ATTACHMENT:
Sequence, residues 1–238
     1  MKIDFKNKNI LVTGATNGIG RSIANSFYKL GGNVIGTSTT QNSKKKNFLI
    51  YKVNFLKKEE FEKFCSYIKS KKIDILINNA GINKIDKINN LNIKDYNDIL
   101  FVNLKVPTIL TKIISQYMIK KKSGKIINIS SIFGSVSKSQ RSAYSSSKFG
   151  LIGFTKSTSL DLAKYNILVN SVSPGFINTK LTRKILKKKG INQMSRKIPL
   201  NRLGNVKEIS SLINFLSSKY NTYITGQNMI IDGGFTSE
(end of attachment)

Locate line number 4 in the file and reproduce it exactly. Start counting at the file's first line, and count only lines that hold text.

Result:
   101  FVNLKVPTIL TKIISQYMIK KKSGKIINIS SIFGSVSKSQ RSAYSSSKFG